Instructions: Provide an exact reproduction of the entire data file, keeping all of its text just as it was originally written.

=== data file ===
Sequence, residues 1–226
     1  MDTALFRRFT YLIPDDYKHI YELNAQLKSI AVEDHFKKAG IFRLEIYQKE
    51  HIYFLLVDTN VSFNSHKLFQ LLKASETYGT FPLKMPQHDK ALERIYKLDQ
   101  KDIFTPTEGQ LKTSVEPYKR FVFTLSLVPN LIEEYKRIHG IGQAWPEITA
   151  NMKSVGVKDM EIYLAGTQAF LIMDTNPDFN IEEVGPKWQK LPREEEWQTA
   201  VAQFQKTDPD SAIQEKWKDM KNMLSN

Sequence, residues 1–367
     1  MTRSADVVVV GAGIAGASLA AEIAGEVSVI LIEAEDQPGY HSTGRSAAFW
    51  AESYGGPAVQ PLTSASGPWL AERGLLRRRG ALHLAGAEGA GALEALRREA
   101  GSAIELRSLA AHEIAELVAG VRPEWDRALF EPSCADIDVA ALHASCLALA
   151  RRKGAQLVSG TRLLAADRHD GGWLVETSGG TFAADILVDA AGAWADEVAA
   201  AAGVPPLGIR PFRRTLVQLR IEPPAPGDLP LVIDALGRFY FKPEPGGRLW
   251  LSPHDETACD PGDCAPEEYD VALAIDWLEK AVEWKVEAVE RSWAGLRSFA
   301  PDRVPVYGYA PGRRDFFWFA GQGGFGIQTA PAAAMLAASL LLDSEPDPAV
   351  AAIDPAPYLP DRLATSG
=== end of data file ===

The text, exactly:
Sequence, residues 1–226
     1  MDTALFRRFT YLIPDDYKHI YELNAQLKSI AVEDHFKKAG IFRLEIYQKE
    51  HIYFLLVDTN VSFNSHKLFQ LLKASETYGT FPLKMPQHDK ALERIYKLDQ
   101  KDIFTPTEGQ LKTSVEPYKR FVFTLSLVPN LIEEYKRIHG IGQAWPEITA
   151  NMKSVGVKDM EIYLAGTQAF LIMDTNPDFN IEEVGPKWQK LPREEEWQTA
   201  VAQFQKTDPD SAIQEKWKDM KNMLSN

Sequence, residues 1–367
     1  MTRSADVVVV GAGIAGASLA AEIAGEVSVI LIEAEDQPGY HSTGRSAAFW
    51  AESYGGPAVQ PLTSASGPWL AERGLLRRRG ALHLAGAEGA GALEALRREA
   101  GSAIELRSLA AHEIAELVAG VRPEWDRALF EPSCADIDVA ALHASCLALA
   151  RRKGAQLVSG TRLLAADRHD GGWLVETSGG TFAADILVDA AGAWADEVAA
   201  AAGVPPLGIR PFRRTLVQLR IEPPAPGDLP LVIDALGRFY FKPEPGGRLW
   251  LSPHDETACD PGDCAPEEYD VALAIDWLEK AVEWKVEAVE RSWAGLRSFA
   301  PDRVPVYGYA PGRRDFFWFA GQGGFGIQTA PAAAMLAASL LLDSEPDPAV
   351  AAIDPAPYLP DRLATSG